"Except that I'm no longer a member of the service, as you so helpfully reminded me. So you have no authority to order me to do anything," I replied as I closed the door. Perhaps it would have been wiser to hold my tongue and allow Major Davis to believe he'd won, but once the words were out of my mouth, I couldn't call them back. 

However, one thing was for sure, he didn’t want me anywhere near this. 

ABOUT THIS BOOK: In 1919 England, in the shadow of The Great War, many look to the spirit world for answers. But it will take an all too earthbound intrigue to draw in the discerning heroine of Anna Lee Huber’s latest mystery . . . 

It’s not that Verity Kent doesn’t sympathize with those eager to make contact with lost loved ones. After all, she once believed herself a war widow. But now that she’s discovered Sidney is very much alive, Verity is having enough trouble connecting with her estranged husband, never mind the dead. Still, at a friend’s behest, Verity attends a séance, where she encounters the man who still looms between her and Sidney—and a medium who channels a woman Verity once worked with in the Secret Service. Refusing to believe her former fellow spy is dead, Verity is determined to uncover the source of the spiritualist’s top secret revelation.

Then the medium is murdered—and Verity’s investigation is suddenly thwarted. Even Secret Service agents she once trusted turn their backs on her. Undaunted, Verity heads to war-torn Belgium, with Sidney by her side. But as they draw ever closer to the danger, Verity wonders if she’s about to learn the true meaning of till death do us part . . .

MY THOUGHTS: Treacherous Is the Night is an excellent second installment to the Verity Kent series. After the brilliant beginning in This Side of Murder, I wondered just where there was left to go. I needn't have worried, this is every bit as good as the first was and it would seem that there are plenty of stories left to tell and adventures to be had as Verity and Sidney attempt to settle into their country home in post-war England.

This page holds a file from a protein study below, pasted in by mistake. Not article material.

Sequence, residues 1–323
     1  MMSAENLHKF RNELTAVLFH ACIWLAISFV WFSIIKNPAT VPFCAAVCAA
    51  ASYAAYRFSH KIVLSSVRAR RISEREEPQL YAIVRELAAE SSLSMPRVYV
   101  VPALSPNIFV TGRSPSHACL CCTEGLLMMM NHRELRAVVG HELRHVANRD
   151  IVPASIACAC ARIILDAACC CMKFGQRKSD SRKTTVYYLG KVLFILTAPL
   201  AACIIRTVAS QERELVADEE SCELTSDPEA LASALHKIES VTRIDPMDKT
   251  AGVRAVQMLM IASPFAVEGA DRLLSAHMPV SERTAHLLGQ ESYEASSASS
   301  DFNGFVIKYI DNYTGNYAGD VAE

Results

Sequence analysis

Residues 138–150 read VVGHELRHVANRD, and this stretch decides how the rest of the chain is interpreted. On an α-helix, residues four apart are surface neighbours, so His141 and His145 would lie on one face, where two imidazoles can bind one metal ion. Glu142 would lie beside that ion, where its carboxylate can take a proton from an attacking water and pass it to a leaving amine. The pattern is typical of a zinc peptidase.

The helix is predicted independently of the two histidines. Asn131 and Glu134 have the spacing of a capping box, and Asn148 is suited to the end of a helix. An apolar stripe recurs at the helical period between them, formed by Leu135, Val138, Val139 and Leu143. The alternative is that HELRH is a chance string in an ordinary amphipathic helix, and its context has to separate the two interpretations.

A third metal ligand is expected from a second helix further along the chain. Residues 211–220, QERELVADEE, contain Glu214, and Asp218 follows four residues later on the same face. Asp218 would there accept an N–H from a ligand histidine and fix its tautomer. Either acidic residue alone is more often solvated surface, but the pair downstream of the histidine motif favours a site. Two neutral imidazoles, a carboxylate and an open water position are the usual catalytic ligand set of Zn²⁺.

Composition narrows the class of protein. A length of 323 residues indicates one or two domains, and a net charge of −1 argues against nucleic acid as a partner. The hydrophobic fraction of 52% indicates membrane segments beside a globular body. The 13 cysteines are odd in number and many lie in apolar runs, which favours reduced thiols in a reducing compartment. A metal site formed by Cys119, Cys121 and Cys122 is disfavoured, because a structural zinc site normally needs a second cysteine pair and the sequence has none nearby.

Each book reveals a little more about Verity and Sidney's roles in the war, and about their relationship. 

I will definitely be following this series and am eagerly awaiting the next book. 


THE AUTHOR: Anna Lee Huber is the Daphne award-winning author of the national bestselling Lady Darby Mysteries, the Verity Kent Mysteries, the Gothic Myths series, and the forthcoming anthology The Jacobite’s Watch. She is a summa cum laude graduate of Lipscomb University in Nashville, Tennessee, where she majored in music and minored in psychology. She currently resides in Indiana with her family and is hard at work on her next novel.

DISCLOSURE: Thank you to Kensington Books via Netgalley for providing a digital ARC of Treacherous Is the Night by Anna Lee Huber for review. All opinions expressed in this review are entirely my own personal opinions. 

Please refer to my profile page or the about page on for an explanation of my rating system. This review and others are also published on my blog
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Thank you for the ARC Net Galley!! I thoroughly enjoyed this book! I have totally been into reading novels set in England around WWI years, especially mysteries so this fit the bill perfectly. I have not read the first Verity Kent and did not feel that I needed to to enjoy this one - although I will be going back and reading it!!